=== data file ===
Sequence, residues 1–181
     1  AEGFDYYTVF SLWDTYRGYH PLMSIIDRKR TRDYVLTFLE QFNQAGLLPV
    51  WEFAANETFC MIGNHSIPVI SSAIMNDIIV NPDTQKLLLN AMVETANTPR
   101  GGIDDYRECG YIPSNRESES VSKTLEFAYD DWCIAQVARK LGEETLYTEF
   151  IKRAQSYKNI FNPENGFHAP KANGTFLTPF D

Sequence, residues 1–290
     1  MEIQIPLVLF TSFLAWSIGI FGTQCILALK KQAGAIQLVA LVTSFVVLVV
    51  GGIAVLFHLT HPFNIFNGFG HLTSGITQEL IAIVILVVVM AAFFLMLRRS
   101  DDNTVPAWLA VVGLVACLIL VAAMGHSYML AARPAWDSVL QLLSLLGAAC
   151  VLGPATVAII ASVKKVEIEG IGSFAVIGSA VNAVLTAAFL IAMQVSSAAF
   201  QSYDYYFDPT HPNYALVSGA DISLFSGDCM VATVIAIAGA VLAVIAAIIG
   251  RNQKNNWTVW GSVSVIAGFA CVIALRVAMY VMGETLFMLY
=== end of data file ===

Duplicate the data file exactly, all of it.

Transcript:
Sequence, residues 1–181
     1  AEGFDYYTVF SLWDTYRGYH PLMSIIDRKR TRDYVLTFLE QFNQAGLLPV
    51  WEFAANETFC MIGNHSIPVI SSAIMNDIIV NPDTQKLLLN AMVETANTPR
   101  GGIDDYRECG YIPSNRESES VSKTLEFAYD DWCIAQVARK LGEETLYTEF
   151  IKRAQSYKNI FNPENGFHAP KANGTFLTPF D

Sequence, residues 1–290
     1  MEIQIPLVLF TSFLAWSIGI FGTQCILALK KQAGAIQLVA LVTSFVVLVV
    51  GGIAVLFHLT HPFNIFNGFG HLTSGITQEL IAIVILVVVM AAFFLMLRRS
   101  DDNTVPAWLA VVGLVACLIL VAAMGHSYML AARPAWDSVL QLLSLLGAAC
   151  VLGPATVAII ASVKKVEIEG IGSFAVIGSA VNAVLTAAFL IAMQVSSAAF
   201  QSYDYYFDPT HPNYALVSGA DISLFSGDCM VATVIAIAGA VLAVIAAIIG
   251  RNQKNNWTVW GSVSVIAGFA CVIALRVAMY VMGETLFMLY